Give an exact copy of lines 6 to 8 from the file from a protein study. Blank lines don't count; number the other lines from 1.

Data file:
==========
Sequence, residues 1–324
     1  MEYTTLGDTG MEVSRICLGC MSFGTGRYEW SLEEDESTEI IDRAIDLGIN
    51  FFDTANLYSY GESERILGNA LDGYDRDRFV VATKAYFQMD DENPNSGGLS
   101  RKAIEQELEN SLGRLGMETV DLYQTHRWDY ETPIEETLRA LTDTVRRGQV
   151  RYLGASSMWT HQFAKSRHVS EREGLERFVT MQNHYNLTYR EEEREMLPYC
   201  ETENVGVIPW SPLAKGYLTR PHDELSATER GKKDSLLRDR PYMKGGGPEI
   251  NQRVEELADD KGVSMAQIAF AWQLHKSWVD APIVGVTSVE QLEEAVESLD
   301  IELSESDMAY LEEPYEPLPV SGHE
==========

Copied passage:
   201  ETENVGVIPW SPLAKGYLTR PHDELSATER GKKDSLLRDR PYMKGGGPEI
   251  NQRVEELADD KGVSMAQIAF AWQLHKSWVD APIVGVTSVE QLEEAVESLD
   301  IELSESDMAY LEEPYEPLPV SGHE